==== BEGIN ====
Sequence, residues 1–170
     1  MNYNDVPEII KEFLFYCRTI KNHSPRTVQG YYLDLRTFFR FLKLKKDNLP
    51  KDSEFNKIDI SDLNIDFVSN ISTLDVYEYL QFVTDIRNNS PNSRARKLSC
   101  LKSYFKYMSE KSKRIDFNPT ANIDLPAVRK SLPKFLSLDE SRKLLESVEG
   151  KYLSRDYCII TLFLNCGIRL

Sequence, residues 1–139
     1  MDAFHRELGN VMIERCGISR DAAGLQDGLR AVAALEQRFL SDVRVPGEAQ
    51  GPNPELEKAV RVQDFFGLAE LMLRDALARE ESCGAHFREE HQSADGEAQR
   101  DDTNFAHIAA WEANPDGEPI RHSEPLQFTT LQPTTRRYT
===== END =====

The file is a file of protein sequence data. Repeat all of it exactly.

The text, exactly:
Sequence, residues 1–170
     1  MNYNDVPEII KEFLFYCRTI KNHSPRTVQG YYLDLRTFFR FLKLKKDNLP
    51  KDSEFNKIDI SDLNIDFVSN ISTLDVYEYL QFVTDIRNNS PNSRARKLSC
   101  LKSYFKYMSE KSKRIDFNPT ANIDLPAVRK SLPKFLSLDE SRKLLESVEG
   151  KYLSRDYCII TLFLNCGIRL

Sequence, residues 1–139
     1  MDAFHRELGN VMIERCGISR DAAGLQDGLR AVAALEQRFL SDVRVPGEAQ
    51  GPNPELEKAV RVQDFFGLAE LMLRDALARE ESCGAHFREE HQSADGEAQR
   101  DDTNFAHIAA WEANPDGEPI RHSEPLQFTT LQPTTRRYT